One of the most common struggles I see in the writers I work with – and in myself – is the issue of ‘who is my audience?’ While most student writers don’t ask that question directly, they struggle with it – a lot.
Here’s a common arch: the first paragraph of a college essay typically operates in a passive voice – a sure sign the student is not entirely sure what she wants to say yet; then, about a third of the way through the paper, the student clearly catches her writing stride and she shifts to an active, confident voice; she concludes her thoughts succinctly, but still feels the need to summarize her points and shifts back to an unsure, passive voice in a final paragraph.
Many challenges feed into this arch – time management, general writing confidence, but also whether the writer has really decided on an audience.
To help my student become aware of their choices when it comes to audience, I walk through this exercise with them, which usually results in some funny responses.
1- Think of a recent event in your life, something specific. Focus on a single moment. If you consider your graduation day, for example, think of a specific moment on that day – maybe a touching point of someone’s speech, maybe when someone tripped as he grabbed his diploma – a detailed moment.
2- Divide a piece of paper (or screen) into three heading spaces, using these headings: ‘Telling My Friend, ‘Telling My Grandma (or other elder), Telling a Job Interviewer
3- Under each heading, narrate the story of the specific moment you just thought about.
4- Note your word choices, how much or how little background information you need to explain for each person noted in the heading, and any other changes you made as you wrote about the same story to three different people.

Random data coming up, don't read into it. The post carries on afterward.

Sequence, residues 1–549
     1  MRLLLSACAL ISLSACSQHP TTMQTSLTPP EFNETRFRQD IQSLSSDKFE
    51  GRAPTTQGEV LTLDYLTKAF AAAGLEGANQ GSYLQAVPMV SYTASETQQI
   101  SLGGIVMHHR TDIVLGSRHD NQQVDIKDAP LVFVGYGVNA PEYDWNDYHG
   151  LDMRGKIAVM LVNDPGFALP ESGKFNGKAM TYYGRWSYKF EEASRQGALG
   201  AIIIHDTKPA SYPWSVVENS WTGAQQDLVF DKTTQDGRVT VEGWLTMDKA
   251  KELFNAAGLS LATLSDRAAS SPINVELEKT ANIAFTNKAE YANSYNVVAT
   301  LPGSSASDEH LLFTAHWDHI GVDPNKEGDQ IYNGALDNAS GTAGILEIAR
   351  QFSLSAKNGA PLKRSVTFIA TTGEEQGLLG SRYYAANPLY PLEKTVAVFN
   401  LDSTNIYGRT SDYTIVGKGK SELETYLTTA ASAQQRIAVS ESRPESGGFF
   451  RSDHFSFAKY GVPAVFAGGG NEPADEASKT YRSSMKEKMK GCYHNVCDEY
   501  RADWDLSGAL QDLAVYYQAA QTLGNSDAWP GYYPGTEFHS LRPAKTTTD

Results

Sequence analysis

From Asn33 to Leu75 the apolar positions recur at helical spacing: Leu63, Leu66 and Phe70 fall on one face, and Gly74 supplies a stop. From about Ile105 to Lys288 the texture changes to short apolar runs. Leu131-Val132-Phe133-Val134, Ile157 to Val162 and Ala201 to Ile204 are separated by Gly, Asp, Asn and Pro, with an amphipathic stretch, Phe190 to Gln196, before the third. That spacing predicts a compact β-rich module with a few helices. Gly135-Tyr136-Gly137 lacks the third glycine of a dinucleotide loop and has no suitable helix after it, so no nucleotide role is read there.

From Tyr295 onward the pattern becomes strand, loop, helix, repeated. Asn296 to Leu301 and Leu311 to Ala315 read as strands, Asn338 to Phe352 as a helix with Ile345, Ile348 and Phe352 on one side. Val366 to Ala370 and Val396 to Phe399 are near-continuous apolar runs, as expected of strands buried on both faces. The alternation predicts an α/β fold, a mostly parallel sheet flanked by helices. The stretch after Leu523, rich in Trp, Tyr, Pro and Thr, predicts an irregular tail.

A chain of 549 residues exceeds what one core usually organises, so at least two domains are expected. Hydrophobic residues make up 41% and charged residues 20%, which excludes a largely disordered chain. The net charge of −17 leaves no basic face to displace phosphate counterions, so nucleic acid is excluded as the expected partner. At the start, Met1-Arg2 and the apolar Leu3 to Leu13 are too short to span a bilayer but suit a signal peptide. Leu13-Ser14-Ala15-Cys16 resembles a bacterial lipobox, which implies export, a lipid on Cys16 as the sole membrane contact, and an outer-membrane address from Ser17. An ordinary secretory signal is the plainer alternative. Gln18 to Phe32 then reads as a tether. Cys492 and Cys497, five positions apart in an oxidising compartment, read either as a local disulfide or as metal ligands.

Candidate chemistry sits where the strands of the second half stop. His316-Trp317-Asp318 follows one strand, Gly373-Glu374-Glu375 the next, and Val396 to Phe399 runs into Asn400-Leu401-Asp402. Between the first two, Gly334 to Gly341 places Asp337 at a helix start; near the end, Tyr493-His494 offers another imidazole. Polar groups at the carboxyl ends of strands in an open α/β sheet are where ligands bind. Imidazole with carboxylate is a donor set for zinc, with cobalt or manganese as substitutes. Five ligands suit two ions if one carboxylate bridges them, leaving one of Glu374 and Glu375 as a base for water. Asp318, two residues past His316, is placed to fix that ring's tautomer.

5- Break into your small groups and share your findings about what changes you made, and then share your impressions with the class.
As students share with the class, they often report not only making different word choices, but actually sitting differently in their chairs as they wrote under each separate heading. When they wrote to their grandmothers, they changed their posture. When they wrote to their potential interviewers, they held their pens differently (or placed their fingers on the keys more accurately), and generally scanned for errors as they wrote.
I was reminded about this Audience Exercise, because of another blogger’s post titled The Rhetoric of Twitter. Her post made me realize that the headings I usually provide my students are not enough anymore. From now on, I’ll include other headings about electronic and social media: ‘Texting a Friend’ or ‘Tweeting about Your Moment.’ Social Media audiences add a whole other dimension to the exercise because of the brevity required, yet the public nature of Twitter and Facebook.
If any of you have ideas for revising my exercise to accommodate social media, I am really interested in hearing your thoughts!
- Finding Authentic Readers to Foster Authentic Writers (tcsamaripa.wordpress.com)